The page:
They even provide a hybrid solution which doesn’t really have good performance compared to other solutions. See performance test below for more.

In 2019 the actual limit is the maximum size of the call stack. For modern Chromium based desktop browsers this means that when it comes to finding min/max with `apply` or spread, practically the maximum size for numbers only arrays is ~120000. Above this, there will be a stack overflow and the following error will be thrown:

RangeError: Maximum call stack size exceeded

With the script below (based on this blog post), by catching that error you can calculate the limit for your specific environment.

Warning! Running this script takes time and depending on the performance of your system it might slow or crash your browser/system!

``````let testArray = Array.from({length: 10000}, () => Math.floor(Math.random() * 2000000));
for (i = 10000; i < 1000000; ++i) {
testArray.push(Math.floor(Math.random() * 2000000));
try {
Math.max.apply(null, testArray);
} catch (e) {
console.log(i);
break;
}
}``````

## Performance on large arrays

Based on the test in EscapeNetscape‘s comment I created some benchmarks that tests 5 different methods on a random number only array with 100000 items.

In 2019, the results show that the standard loop (which BTW doesn’t have the size limitation) is the fastest everywhere. `apply` and spread comes closely after it, then much later MDN’s hybrid solution then `reduce` as the slowest.

Almost all tests gave the same results, except for one where spread somewhy ended up being the slowest.

If you step up your array to have 1 million items, things start to break and you are left with the standard loop as a fast solution and `reduce` as a slower.

### JSPerf benchmark ### JSBen benchmark ### JSBench.me benchmark ### Benchmark source code

``````var testArrayLength = 100000
var testArray = Array.from({length: testArrayLength}, () => Math.floor(Math.random() * 2000000));

Math.min(...testArray);
Math.max(...testArray);

// reduce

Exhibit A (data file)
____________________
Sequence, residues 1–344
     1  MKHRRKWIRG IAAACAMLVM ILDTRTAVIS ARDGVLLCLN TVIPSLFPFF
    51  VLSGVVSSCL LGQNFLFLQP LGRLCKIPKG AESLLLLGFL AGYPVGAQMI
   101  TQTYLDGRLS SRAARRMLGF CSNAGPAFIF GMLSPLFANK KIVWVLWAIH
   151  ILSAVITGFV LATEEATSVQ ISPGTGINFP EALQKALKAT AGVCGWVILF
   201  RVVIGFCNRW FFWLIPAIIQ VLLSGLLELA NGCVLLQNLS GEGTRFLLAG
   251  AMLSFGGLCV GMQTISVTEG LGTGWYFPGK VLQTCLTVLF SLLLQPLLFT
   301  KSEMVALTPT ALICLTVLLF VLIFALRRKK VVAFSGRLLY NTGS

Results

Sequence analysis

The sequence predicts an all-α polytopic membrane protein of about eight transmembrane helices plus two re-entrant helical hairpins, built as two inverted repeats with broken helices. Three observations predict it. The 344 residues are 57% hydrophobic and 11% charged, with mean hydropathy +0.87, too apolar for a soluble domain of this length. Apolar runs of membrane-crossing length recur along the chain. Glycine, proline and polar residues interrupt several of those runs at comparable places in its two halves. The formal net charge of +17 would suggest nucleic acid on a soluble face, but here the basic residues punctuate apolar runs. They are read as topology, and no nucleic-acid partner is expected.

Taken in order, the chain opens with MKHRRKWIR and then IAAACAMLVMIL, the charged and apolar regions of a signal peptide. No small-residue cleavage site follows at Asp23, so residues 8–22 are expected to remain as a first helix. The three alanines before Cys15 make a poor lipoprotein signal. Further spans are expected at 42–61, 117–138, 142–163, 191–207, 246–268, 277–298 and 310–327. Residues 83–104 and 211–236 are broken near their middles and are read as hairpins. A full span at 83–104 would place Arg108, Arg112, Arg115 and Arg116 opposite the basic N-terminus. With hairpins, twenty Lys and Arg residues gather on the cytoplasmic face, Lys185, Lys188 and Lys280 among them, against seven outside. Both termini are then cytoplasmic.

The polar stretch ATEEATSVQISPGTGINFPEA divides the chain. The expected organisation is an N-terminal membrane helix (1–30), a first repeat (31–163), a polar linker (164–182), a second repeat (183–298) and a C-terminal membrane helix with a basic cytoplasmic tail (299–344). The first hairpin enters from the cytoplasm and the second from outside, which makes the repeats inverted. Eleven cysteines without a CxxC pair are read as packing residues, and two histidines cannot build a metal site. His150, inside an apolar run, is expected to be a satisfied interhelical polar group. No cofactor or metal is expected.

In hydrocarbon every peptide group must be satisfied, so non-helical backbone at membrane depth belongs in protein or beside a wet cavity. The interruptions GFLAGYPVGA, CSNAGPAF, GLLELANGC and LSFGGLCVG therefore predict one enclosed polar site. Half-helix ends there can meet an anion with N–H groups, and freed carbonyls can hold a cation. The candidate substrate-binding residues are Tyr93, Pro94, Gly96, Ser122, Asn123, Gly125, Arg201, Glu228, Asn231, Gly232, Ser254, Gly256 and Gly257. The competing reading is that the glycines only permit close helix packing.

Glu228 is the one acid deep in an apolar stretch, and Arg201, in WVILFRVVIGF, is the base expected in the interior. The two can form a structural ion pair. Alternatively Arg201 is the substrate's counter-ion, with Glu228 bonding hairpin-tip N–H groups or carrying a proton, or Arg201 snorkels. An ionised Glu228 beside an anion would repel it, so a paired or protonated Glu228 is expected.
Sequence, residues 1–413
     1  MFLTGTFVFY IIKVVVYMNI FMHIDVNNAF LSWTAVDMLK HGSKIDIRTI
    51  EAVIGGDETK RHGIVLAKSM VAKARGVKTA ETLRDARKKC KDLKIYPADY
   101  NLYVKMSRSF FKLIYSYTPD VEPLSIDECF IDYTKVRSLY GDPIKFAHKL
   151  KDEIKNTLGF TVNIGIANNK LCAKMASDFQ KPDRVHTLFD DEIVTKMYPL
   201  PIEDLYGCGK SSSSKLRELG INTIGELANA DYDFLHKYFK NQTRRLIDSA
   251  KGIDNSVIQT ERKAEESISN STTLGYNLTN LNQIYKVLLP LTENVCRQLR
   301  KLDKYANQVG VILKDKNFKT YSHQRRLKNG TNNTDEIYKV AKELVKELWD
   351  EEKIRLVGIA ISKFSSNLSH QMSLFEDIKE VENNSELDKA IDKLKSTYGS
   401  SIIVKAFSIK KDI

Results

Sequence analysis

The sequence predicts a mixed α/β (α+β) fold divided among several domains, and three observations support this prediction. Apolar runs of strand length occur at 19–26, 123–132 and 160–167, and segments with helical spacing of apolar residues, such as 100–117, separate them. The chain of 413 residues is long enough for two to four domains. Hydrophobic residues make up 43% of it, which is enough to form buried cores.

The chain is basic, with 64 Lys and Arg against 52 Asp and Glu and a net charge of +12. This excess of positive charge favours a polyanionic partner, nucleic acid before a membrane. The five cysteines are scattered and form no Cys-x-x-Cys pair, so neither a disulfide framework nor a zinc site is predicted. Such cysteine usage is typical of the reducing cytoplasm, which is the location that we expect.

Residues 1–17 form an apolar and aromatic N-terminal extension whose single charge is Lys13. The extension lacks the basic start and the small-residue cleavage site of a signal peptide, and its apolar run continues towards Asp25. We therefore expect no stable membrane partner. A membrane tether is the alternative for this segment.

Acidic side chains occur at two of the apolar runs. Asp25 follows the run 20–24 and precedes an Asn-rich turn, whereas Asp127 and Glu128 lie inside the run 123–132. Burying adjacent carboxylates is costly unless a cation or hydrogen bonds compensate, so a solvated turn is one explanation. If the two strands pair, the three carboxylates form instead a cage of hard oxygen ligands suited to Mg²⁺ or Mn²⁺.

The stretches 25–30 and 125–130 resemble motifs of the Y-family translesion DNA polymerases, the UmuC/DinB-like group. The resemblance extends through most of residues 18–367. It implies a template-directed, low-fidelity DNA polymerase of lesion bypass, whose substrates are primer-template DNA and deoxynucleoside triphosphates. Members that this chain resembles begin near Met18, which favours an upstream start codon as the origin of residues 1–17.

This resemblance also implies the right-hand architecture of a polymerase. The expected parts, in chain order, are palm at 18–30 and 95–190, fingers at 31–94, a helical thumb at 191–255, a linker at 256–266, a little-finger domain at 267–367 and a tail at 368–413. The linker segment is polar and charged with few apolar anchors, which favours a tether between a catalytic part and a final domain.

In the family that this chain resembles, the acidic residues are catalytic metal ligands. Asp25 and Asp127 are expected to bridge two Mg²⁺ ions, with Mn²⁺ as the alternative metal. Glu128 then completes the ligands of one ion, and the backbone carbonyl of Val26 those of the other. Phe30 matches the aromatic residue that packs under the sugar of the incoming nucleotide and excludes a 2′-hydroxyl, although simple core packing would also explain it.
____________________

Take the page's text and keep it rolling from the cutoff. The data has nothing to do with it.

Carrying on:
testArray.reduce(function(a, b) {
return Math.max(a, b);
});
testArray.reduce(function(a, b) {
return Math.min(a, b);
});

// apply
Math.min.apply(Math, testArray);
Math.max.apply(Math, testArray);

// standard loop
let max = testArray;
for (let i = 1; i < testArrayLength; ++i) {
if (testArray[i] > max) {
max = testArray[i];
}
}

let min = testArray;
for (let i = 1; i < testArrayLength; ++i) {
if (testArray[i] < min) {
min = testArray[i];
}
}

// MDN hibrid soltuion
// Source: https://developer.mozilla.org/en-US/docs/Web/JavaScript/Reference/Global_Objects/Function/apply#Using_apply_and_built-in_functions
function minOfArray(arr) {
var min = Infinity;
var QUANTUM = 32768;

for (var i = 0, len = arr.length; i < len; i += QUANTUM) {
var submin = Math.min.apply(null, arr.slice(i, Math.min(i + QUANTUM, len)));
min = Math.min(submin, min);
}

return min;
}

minOfArray(testArray);

function maxOfArray(arr) {
var max = -Infinity;
var QUANTUM = 32768;

for (var i = 0, len = arr.length; i < len; i += QUANTUM) {
var submax = Math.max.apply(null, arr.slice(i, Math.max(i + QUANTUM, len)));
max = Math.max(submax, max);
}

return max;
}

maxOfArray(testArray);``````

### Solution 6:

If you’re paranoid like me about using `Math.max.apply` (which could cause errors when given large arrays according to MDN), try this:

``````function arrayMax(array) {
return array.reduce(function(a, b) {
return Math.max(a, b);
});
}

function arrayMin(array) {
return array.reduce(function(a, b) {
return Math.min(a, b);
});
}
``````

Or, in ES6:

``````function arrayMax(array) {
return array.reduce((a, b) => Math.max(a, b));
}

function arrayMin(array) {
return array.reduce((a, b) => Math.min(a, b));
}
``````

The anonymous functions are unfortunately necessary (instead of using `Math.max.bind(Math)` because `reduce` doesn’t just pass `a` and `b` to its function, but also `i` and a reference to the array itself, so we have to ensure we don’t try to call `max` on those as well.